Although Paul had not learned the prayers or even attended a Catholic
school, he served Mass for the Chief during the three months of
One of the memories, which Paul says is indelibly printed in his
mind, was when Father Gordon was given special permission to say
mass in the Church of the Holy Sepulcher, built on the site of the
crucifixion and burial of Christ.
It was an unforgettable journey for two pals with thirty years difference
in their ages. They sailed from New York and shared a stateroom
on a North German Lloyd liner, the Columbus, which was the largest
ship until the Bremen and the Europa were built.
Paul recalls, "the fare at the time was $346 round trip. The ship
was our hotel. We visited Maderia, Casablanca, Gibraltar, went back
to Algiers, Tunis, to the French Riviera, Nice, Monte Carlo, Tripoli,
the island of Malta, Sicily, Naples, over to St. Louis where King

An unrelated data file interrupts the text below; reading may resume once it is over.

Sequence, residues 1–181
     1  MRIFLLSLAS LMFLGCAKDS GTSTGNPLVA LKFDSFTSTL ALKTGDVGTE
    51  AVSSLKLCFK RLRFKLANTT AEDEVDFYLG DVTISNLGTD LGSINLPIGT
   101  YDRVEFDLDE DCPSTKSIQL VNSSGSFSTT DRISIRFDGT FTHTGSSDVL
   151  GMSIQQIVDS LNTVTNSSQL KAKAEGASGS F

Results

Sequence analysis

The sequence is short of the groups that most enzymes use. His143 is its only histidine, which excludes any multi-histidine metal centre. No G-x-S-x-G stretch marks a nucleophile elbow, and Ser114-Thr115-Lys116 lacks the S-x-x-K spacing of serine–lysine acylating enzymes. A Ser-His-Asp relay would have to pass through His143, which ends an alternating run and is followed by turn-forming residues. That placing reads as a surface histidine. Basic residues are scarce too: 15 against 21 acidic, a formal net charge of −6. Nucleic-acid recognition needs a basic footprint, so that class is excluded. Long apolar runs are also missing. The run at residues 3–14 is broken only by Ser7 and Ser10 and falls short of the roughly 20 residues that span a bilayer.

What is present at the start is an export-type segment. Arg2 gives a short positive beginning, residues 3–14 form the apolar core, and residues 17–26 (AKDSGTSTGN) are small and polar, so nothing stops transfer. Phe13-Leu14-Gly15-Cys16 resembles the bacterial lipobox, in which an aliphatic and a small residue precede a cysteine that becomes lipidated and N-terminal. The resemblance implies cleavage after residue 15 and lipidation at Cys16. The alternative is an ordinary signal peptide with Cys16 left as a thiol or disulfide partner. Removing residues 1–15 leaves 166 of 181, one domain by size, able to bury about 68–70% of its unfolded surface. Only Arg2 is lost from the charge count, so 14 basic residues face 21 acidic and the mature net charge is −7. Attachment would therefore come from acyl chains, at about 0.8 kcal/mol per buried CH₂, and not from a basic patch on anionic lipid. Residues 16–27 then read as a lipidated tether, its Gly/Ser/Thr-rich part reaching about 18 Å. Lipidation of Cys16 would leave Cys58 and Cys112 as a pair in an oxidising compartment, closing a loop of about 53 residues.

Louis of France died. Then we went all the way to the end of the
Mediterranean to Lebanon. Then to Palestine where they were building
the city of Tel Aviv and from Jerusalem to Cairo, came back and
caught the ship at Haifa, to Alexandria and then to Constantinople,
through the Dardanelles and the Black Sea. We came to Athens and
through the Yugo-Slavia, Albania, Venice, Naples, Rome, Florence,
Milan, Switzerland, Paris, Lisieux and sailed from Le Havre."
They met many interesting people wherever they went and had numerous
adventures, some rather exciting. One of these is describe by who
wrote under the name of Paul Light in the Pioneer Press. He was
a good friend of Paul Villaume and often mentioned Father Gordon
in his column.
In his column of August 29, 1946, he wrote: "Father Gordon and Paul
Villaume (the latter accompanied by his constant companion, a mouth
visited Mediterranean countries a few years ago. The
priest says he almost lost Paul at Casablanca. The latter decided,
as long as he was in the Moroccan metropolis, he should call on
the Moroccan sultan. SO he went to the palace and rang a bell in
the grille doorway.
turbaned, bloomered servant responded. Paul showed him a letter
from Bill Mahoney, then mayor of St. Paul. The letter bore a gold